dying in the faith

Today the Church celebrates its love-hate relationship with All Saints’ Day, that wonderfully comforting day in which members of the Church militant remember those in the Church triumphant, both known and unknown, while simultaneously longing for the day when Christ will return so that those who remain, too, can gathered to Christ.

The Church has always been in the business of remembering the faithful departed. She has always, as she has been able, kept track of the names of those who died in the faith and the day on which they died, so that their faith and witness can be remembered for ages to come.

But on this day, we also remember those saints whose names we do not know, those who, perhaps, died as martyrs, died alone, or died before they were given a name.

That is why All Saints’ Day is such a unique day in the Church Year. It does not commemorate just Walther, or just Luther, or just an apostle. It remembers all the saints, all the holy ones of God, all those who died in their baptismal faith.

But the day is really not even about the saints; it is about Who the saints were about. It is about Christ. It is about the One to whom those saints pointed, for whom they died, in whose name they perished.  So we remember them, but we really remember the One who died for them, the One in whom they now find rest, the One who made them saints—made them holy—in the first place.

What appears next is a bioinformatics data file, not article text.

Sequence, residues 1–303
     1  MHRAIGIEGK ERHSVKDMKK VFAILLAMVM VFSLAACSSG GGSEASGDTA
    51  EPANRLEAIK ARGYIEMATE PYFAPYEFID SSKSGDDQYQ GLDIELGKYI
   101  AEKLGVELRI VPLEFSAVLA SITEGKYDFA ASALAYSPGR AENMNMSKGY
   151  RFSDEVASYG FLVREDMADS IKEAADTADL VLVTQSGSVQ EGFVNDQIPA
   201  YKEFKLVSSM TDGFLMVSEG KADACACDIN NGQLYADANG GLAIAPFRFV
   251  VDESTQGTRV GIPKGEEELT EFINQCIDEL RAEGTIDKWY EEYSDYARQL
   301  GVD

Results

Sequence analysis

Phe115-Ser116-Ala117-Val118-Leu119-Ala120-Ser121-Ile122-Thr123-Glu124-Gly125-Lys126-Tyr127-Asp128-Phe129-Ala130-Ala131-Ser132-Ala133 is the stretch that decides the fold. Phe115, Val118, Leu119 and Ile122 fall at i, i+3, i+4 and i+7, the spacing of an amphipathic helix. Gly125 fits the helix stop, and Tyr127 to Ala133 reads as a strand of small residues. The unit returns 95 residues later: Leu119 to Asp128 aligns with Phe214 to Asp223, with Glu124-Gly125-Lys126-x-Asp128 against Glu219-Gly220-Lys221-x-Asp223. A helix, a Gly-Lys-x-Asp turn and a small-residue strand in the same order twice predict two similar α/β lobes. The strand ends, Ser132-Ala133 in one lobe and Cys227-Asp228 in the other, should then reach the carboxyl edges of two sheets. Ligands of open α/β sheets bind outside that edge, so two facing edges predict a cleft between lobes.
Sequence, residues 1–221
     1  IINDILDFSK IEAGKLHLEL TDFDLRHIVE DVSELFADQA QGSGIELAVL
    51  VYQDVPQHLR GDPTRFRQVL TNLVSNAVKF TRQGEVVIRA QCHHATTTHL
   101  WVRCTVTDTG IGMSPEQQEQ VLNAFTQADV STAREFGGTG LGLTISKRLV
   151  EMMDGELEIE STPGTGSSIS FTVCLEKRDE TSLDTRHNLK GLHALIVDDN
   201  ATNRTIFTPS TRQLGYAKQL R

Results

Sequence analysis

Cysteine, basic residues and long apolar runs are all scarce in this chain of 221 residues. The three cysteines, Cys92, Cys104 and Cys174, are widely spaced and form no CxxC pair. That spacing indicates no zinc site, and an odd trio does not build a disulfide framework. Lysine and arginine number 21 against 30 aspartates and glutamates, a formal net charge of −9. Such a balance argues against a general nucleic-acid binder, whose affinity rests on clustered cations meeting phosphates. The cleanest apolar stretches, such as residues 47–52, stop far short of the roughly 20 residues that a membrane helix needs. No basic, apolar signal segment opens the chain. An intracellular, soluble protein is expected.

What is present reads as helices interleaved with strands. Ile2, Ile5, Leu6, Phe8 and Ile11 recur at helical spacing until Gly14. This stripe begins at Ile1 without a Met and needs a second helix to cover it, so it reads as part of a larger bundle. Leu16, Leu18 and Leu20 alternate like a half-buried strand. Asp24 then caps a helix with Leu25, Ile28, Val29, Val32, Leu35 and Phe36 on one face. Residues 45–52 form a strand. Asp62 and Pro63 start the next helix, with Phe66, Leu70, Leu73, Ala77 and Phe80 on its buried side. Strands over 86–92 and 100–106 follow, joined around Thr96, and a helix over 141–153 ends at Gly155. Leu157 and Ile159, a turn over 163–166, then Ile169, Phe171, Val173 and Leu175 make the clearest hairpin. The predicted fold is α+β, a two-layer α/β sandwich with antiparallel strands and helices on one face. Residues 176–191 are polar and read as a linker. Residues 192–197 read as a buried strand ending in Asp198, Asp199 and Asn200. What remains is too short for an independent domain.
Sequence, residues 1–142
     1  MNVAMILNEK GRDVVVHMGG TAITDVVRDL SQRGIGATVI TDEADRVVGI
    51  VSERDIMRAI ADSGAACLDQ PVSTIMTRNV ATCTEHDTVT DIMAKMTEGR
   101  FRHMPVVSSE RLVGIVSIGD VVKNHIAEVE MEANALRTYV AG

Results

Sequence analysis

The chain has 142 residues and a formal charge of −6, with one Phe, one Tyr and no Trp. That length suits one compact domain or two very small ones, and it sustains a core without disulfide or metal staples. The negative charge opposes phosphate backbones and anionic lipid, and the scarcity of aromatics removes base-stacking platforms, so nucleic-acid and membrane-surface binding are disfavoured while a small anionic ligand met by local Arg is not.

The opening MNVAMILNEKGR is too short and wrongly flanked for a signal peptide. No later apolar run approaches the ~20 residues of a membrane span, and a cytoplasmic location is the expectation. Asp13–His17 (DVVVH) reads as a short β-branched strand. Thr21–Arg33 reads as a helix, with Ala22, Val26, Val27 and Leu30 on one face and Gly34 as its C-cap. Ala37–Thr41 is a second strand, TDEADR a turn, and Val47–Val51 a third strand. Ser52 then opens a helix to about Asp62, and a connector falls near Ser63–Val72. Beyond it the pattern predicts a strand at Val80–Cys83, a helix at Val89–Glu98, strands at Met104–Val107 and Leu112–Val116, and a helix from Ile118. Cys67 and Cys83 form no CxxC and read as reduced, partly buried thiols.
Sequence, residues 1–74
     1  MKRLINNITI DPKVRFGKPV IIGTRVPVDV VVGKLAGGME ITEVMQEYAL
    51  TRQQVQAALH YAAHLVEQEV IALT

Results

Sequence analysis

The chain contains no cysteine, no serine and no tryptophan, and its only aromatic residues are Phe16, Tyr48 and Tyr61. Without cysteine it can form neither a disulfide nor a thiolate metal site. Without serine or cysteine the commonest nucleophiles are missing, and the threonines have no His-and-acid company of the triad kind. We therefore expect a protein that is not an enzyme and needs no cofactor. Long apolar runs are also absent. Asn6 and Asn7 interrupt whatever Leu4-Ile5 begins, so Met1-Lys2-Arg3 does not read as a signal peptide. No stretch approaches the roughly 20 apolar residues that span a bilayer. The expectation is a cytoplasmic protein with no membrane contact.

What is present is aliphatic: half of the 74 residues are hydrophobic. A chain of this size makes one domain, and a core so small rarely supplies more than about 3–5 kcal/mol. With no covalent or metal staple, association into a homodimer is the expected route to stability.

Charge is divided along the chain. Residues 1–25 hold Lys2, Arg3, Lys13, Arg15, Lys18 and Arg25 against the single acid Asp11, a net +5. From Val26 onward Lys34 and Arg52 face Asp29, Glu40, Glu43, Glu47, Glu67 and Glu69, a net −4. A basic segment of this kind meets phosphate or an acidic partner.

So, sing “Behold a Host Arrayed in White.” Sing “For All the Saints.” Mourn those whom you will receive back on the Last Day. Remember your grandmothers, children, spouses, and friends who have gone on before you. But cling more to the One who gave them baptismal life, a pious life, and now—perfectly—eternal life.

“But you have come to Mount Zion and to the city of the living God, the heavenly Jerusalem, and to innumerable angels in festal gathering, and to the innumerable angels in festal gathering, and to the assembly of the firstborn who are enrolled in heaven, and to God, the judge of all, and to the spirits of the righteous made perfect, and to Jesus, the mediator of a new covenant, and tot eh sprinkled blood that speaks a better word than the blood of Abel” (Heb. 12:22–24).

One thought on “dying in the faith

  1. Thank you for this remembrance. Out here, in the middle of the heartland we did indeed sing “Behold a Host Arrayed in White” this morning at Matins. And it was glorious!.

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